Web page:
There are two basic kinds of personnel research: basic and applied. In general, basic research is universalistic: it tries to uncover truths about personnel issues that apply across different people and organizations. Applied research is particularistic: it tries to understand what is happening to a specific set a people in a particular situation or setting. Basic research is more likely to be performed by academics and published in scholarly journals. Applied research is more likely to be performed by human resource managers and personnel consultants.
The difference between basic research and applied research is similar to the difference between science and technology. While science is fundamental to technology, the purpose of scientific work is simply to understand how all things work, while the purpose of technological work is to apply that understanding to making stuff happen.
The purpose of basic personnel research is to understand the relationships between personnel variables. For example, we might ask:
The ultimate goal of basic personnel research is to provide a complete understanding of human behavior in the context of organizations. If this were achieved, it would mean that we could design organizations optimally so that people would be happier and more productive, and the organization more successful.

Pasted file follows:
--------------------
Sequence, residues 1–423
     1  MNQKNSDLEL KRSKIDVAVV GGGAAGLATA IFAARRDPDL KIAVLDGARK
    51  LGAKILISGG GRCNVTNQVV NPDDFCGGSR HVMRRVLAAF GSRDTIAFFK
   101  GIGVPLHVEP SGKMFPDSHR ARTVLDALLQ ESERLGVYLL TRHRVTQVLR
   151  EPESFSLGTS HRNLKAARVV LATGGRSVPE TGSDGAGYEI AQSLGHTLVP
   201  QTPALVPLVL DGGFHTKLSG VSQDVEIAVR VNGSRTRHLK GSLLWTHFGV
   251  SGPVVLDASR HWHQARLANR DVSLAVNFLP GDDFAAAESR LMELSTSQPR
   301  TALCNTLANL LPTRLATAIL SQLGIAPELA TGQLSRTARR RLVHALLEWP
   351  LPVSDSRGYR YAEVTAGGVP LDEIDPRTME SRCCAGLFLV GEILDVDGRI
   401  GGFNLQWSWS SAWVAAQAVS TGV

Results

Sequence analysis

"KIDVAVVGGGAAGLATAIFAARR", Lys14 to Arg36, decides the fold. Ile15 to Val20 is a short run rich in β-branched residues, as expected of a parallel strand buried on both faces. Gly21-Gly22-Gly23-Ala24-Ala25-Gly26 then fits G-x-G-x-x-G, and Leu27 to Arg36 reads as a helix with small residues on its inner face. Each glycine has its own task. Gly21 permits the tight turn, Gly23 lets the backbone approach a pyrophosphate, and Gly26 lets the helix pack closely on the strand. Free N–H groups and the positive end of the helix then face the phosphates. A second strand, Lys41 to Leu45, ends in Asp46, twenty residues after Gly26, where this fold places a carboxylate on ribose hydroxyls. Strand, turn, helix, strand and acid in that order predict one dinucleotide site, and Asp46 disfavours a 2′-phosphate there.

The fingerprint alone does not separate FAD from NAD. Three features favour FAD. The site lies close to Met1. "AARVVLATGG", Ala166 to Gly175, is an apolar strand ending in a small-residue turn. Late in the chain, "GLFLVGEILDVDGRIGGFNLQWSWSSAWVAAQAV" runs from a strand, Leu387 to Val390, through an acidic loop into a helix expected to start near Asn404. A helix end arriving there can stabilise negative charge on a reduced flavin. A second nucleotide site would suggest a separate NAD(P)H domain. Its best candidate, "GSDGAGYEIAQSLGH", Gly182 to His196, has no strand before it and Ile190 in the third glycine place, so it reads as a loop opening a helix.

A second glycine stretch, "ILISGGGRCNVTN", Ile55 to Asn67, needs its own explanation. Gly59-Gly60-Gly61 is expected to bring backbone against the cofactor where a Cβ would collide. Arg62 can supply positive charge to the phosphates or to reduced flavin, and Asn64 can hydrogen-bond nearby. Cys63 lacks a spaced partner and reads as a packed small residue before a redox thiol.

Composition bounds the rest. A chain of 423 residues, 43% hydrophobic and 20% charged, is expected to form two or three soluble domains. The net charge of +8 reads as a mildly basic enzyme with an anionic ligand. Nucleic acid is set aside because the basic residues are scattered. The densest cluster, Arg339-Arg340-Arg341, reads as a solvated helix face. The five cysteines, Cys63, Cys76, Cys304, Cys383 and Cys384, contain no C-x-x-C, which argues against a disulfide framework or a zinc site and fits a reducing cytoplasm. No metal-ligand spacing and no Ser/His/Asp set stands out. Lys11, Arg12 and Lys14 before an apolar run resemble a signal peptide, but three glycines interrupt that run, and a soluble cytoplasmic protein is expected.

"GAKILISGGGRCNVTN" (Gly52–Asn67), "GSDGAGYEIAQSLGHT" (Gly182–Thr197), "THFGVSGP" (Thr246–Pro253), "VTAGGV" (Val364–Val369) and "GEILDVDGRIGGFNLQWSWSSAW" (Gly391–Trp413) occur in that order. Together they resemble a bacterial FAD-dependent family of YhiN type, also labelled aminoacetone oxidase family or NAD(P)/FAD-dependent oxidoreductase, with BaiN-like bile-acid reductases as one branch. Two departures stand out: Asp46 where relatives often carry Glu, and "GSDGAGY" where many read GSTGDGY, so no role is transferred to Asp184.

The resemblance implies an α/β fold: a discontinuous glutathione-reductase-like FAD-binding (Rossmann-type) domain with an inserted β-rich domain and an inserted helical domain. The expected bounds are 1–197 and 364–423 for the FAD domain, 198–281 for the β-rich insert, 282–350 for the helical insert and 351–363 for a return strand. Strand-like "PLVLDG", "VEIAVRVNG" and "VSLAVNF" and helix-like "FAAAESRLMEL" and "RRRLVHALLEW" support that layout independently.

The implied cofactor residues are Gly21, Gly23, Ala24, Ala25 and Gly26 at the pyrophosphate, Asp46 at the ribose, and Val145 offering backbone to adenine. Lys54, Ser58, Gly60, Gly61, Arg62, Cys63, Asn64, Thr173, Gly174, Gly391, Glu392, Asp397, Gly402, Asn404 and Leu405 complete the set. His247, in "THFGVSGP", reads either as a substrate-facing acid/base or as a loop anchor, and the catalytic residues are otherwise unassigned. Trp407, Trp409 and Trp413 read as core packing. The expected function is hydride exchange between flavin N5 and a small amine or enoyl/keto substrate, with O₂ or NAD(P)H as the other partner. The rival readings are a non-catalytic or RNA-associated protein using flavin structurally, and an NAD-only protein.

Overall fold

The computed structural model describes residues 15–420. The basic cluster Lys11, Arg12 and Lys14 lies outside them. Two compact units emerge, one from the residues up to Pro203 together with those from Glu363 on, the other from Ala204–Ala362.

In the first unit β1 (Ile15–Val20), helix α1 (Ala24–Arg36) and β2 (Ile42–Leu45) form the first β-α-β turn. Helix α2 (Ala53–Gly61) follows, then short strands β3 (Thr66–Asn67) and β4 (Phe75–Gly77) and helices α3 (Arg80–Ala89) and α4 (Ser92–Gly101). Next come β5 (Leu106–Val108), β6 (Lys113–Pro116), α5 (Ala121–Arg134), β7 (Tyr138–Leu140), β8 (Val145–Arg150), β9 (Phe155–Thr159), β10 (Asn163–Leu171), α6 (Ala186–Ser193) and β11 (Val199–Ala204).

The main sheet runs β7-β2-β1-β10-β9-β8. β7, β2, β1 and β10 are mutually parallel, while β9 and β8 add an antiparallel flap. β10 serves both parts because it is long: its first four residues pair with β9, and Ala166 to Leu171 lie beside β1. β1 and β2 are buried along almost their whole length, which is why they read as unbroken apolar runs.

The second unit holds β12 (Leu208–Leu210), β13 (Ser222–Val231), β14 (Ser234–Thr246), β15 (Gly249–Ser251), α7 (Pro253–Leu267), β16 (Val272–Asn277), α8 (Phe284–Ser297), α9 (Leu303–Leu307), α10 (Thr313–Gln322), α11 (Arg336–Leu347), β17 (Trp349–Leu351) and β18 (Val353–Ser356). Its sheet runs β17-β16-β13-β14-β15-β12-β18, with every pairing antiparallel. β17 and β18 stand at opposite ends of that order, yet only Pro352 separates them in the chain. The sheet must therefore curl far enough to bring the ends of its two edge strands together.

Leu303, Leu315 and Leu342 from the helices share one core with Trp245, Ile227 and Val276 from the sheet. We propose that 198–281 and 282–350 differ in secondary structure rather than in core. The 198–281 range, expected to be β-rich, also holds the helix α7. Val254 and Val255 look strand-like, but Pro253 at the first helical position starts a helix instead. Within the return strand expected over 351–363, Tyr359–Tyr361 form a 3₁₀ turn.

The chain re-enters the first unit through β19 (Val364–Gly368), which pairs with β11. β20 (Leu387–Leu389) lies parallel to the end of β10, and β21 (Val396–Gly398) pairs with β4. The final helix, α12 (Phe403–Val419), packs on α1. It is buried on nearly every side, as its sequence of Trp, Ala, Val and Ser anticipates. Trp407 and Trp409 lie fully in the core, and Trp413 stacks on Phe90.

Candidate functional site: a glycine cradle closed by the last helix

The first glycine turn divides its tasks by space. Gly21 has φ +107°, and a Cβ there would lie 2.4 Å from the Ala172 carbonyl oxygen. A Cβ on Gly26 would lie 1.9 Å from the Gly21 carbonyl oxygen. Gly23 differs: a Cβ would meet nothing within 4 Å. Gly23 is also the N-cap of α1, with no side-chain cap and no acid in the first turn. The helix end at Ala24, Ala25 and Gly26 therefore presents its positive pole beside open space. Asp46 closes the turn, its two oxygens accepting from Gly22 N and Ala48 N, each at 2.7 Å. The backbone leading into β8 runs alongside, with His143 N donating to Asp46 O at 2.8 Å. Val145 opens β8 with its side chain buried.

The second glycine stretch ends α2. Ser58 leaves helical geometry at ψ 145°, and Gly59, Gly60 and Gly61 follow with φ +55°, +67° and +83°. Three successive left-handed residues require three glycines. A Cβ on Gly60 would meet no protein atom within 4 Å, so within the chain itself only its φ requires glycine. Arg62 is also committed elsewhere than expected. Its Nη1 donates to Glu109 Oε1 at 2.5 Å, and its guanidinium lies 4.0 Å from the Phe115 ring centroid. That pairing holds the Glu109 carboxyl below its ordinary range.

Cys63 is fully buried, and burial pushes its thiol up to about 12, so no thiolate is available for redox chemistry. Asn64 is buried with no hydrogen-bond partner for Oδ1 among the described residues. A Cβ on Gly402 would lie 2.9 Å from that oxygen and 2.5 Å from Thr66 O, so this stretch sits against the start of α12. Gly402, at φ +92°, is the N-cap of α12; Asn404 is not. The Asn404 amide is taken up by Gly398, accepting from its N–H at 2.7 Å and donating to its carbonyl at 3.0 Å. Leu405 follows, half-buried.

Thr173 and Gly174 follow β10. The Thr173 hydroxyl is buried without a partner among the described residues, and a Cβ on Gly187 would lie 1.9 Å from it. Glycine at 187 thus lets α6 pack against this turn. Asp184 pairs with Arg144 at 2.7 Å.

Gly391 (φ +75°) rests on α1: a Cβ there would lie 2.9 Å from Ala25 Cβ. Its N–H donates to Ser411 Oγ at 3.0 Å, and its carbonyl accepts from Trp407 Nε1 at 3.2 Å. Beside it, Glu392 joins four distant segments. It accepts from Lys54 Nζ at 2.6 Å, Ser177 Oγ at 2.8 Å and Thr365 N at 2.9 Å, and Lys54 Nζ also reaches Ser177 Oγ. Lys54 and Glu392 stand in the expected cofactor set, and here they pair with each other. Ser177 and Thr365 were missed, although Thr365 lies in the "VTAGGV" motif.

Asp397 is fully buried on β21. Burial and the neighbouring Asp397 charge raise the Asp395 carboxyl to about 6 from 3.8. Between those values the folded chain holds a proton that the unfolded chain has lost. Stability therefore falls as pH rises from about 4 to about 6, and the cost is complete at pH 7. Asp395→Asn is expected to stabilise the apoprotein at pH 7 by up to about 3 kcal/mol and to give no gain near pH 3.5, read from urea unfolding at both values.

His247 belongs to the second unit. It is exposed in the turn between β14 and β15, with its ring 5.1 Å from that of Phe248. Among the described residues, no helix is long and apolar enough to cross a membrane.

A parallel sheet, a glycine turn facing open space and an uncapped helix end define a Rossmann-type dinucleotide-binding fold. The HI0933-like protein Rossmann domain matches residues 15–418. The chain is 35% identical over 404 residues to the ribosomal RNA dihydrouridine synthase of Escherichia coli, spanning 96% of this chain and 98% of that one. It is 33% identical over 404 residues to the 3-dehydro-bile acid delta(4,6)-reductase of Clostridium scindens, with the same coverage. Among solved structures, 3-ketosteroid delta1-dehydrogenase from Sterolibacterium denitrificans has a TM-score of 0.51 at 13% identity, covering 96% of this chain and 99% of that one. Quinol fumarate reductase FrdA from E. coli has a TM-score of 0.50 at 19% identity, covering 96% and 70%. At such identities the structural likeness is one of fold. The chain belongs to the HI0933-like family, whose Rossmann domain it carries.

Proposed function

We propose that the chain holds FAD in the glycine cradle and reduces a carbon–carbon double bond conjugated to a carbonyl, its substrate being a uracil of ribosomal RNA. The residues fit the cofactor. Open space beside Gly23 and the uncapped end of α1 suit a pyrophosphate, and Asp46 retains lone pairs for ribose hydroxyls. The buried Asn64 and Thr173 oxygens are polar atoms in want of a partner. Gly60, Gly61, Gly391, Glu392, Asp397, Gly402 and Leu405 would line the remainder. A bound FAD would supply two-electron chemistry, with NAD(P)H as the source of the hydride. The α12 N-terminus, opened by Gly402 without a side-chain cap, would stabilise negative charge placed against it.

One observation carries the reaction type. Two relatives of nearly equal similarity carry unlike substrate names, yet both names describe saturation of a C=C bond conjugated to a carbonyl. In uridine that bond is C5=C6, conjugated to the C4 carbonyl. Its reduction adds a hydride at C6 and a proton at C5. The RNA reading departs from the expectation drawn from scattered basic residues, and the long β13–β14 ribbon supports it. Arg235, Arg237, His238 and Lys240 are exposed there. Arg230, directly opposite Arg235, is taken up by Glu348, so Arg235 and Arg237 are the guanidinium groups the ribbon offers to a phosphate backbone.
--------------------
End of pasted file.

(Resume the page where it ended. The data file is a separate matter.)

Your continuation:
For example, consider Maslow's work on human motivation. According to Maslow, human beings are motivated by a hierarchically ordered set of needs such that we most strongly motivated by the lowest-ranked needs that have not yet been satisfied. As shown in the diagram, a person whose physiological needs like food, water and shelter are not yet being met, is hardly interested in self-help books about how to express their inner child!
We can use this information in a practical way to create organizational motivation and compensation systems that really work. For example, for temporary workers, you want to provide a way that they can get job security if they perform well. For entry-level people who are being paid a permanent salary and who are not in danger of being downsized, you want to create work atmosphere which satisfies their social needs, that gives them a sense of belonging to a group.
The purpose of applied personnel research is usually to solve an immediate problem within a particular organization. For example, we might ask:
Sometimes the research is more descriptive in orientation. For example, we might be interested in:
We do research to find out things. There is no way to make rational managerial decisions without information about the current state of things and how things relate to each other. We use scientific research methods in order to learn how things really are, rather than just how we think they are. The quality of the decisions we make is only as good as the information that went in to them.
For additional information on why research is important, see "Why is Personnel Research a Required Course?".
|Revised: September 04, 2000||Go to Home Page|